Monday, May 08, 2006

challenge: writing a value proposition (UPDATED)

(Wow, this is sure a popular article. Was it useful to you? Let me know.)

It's one of the fundamentals we often gloss over in lieu of other more exciting fare. But how many of us actually take the time to write down - much less research and justify - the value propositions associated with the products we make, market and sell?

I think people avoid it because doing it well is hard, and doing it artfully well is even harder.

What is a value proposition? A value proposition is a simple statement that describes what real value a customer can expect to get from your offering.

Value - like beauty - is in the eye of the beholder. If someone hearing your value proposition shrugs and says "so what", either you've failed to align the value you deliver with what they care about, or you've articulated features and benefits instead of value.

If you've never written a value proposition before, start with this primer. The result may be a bit awkward-sounding, but it will be substantively correct:

First Sentence (describes value)
  • For (target customer)
  • who (statement of the need or opportunity),
  • the (product/service name) is a (product/service category)
  • that (statement of benefit).
Second Sentence (positions value)
  • Unlike (primary competitive alternative),
  • our product (statement of primary differentiation).

When you're done, take your hands off the keyboard and sit back. Take a long look at what you've written. If you've filled in the blanks honestly, you've got an honest-to-goodness value proposition that speaks to something important (and perhaps unique) that you can do to solve someone's problems better than that other guy can.


Sadly, many value propositions I read are not written correctly, even if they are written beautifully. Here are a few of the mistakes well-meaning people make that severely diminish the impact of a written value proposition:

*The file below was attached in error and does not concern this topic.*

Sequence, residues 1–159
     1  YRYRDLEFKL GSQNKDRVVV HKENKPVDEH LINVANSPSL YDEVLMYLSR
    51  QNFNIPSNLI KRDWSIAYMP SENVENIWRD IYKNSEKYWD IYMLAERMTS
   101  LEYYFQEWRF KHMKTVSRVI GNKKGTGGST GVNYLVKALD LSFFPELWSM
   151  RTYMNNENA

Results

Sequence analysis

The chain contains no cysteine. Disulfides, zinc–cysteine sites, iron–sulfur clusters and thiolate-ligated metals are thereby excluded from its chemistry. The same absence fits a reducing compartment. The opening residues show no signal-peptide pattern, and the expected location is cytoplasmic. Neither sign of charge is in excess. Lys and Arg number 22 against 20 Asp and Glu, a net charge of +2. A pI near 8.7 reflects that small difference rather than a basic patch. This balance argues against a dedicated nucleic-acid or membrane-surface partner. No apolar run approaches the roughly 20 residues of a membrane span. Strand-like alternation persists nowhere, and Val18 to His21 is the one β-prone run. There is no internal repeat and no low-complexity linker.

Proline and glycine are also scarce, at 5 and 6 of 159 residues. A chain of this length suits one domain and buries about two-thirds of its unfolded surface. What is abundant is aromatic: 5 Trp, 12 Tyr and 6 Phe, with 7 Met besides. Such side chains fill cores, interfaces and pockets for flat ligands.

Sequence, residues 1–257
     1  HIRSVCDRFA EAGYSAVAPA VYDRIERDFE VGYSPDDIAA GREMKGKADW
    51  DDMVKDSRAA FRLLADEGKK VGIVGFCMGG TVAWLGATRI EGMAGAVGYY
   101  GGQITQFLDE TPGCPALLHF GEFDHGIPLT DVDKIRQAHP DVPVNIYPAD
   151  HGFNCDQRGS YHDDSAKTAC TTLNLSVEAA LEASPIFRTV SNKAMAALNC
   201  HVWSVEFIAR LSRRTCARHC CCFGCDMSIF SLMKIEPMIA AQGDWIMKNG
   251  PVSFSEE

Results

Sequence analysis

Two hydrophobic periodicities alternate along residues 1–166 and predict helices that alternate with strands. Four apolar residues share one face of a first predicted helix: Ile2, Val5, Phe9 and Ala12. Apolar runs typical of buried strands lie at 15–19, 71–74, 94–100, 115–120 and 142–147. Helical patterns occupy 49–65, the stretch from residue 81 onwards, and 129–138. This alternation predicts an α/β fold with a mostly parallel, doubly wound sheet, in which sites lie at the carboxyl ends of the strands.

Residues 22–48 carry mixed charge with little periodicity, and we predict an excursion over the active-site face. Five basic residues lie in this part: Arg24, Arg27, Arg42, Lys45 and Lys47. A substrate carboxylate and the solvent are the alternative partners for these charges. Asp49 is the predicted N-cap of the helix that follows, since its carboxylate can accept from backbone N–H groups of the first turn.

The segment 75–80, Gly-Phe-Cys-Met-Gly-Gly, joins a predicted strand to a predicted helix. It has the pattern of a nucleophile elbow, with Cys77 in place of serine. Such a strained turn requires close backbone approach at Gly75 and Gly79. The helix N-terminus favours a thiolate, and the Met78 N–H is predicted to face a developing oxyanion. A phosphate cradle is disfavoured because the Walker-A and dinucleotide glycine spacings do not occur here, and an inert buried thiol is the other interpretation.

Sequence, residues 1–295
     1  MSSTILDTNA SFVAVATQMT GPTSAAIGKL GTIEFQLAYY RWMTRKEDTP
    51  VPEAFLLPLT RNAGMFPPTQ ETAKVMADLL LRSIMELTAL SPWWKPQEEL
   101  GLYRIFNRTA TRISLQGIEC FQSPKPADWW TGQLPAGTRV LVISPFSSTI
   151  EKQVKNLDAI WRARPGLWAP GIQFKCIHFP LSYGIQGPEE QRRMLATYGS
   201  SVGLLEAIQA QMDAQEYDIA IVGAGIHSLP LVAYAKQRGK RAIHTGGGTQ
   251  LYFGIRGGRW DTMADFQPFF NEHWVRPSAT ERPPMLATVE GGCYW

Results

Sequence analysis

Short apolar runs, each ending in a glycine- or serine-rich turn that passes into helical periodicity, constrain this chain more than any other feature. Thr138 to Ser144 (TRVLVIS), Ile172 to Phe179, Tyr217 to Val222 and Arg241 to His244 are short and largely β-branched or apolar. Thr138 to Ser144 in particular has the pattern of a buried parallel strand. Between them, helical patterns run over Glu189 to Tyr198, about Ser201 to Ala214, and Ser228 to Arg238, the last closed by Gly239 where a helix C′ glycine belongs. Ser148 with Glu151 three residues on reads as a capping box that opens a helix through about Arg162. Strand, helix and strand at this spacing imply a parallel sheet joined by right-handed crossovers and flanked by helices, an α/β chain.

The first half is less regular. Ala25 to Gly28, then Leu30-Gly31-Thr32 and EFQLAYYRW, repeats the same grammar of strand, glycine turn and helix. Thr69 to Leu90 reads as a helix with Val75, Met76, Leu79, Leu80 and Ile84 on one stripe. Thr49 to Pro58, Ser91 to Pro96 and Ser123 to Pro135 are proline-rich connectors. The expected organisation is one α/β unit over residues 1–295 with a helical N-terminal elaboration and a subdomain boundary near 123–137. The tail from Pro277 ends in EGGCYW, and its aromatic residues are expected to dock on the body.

1. Talk about features - the value proposition has nothing to do with individual features of your product. Features solve customer problems - solving the problem is your value. Transitive, yes, but you need to go up a few levels of abstraction for your value proposition. Besides, features change and evolve, but the value should remain constant (or grow).
  2. Use big words - a good value proposition is all about the pithy. Rather than use two words, use one. I spent a good ten minutes today worrying about the subtle differences between the words "efficient" and "nimble" (efficient won).
  3. Use jargon - certain words and phrases mean nothing, no matter how often you say them or how much you believe in them. "Industry-leading" and "revolutionary" and "user-friendly" are just a few. Be especially careful about invented words, and smart-sounding replacement words (like "leverage" for "use") and acronyms. If you use the phrase "paradigm shift", beware the hammer of G-d come to smite you into pudding.
  4. Employ hope - value propositions should reflect values that people can actually realize from the use of your goods/services today. This is especially difficult for technologists, who know of every blemish in the product, and who honestly believe that it won't be truly useful for. . . another year, maybe two. If the customer can get value from the product today, that's one thing. If it's coming in the "next release", that's semi-OK. If you need your roadmap to become reality to make it true, don't write it into your value proposition.
  5. Write it blind - there is nothing wrong with chutzpah. But you can't use words like "first" and "only" and "best" and "most" unless they're true. Better to avoid superlatives entirely. But if you're absolutely married to one of them, do your research and figure out if anyone has gotten there first, or better, or generally superior to you. Then make sure that whatever measures you use are demonstrably correct - since marketing wins when it's objective more often than when it's subjective.

In the final assessment, I think writing these things, like most creative endeavors, is a gift - the true artistes do it without truly understanding how they do it, but we all know a good one when we read it. That's the test - is it a blunt instrument of truth or a vaguely distateful exercise in lying?

Epilogue - it's been almost two years since I first wrote this, and I'll be frank when I say that writing a value proposition never gets easy. It challenges you to write down what is real about your product, the problem you're trying to address, and your assessment of how you stack up against your competitors. I guess that's what makes it important - the easy things are rarely valuable. So get writing.

1 comment:

Anonymous said...

Absolutely perfect!
Br, Ville from Finland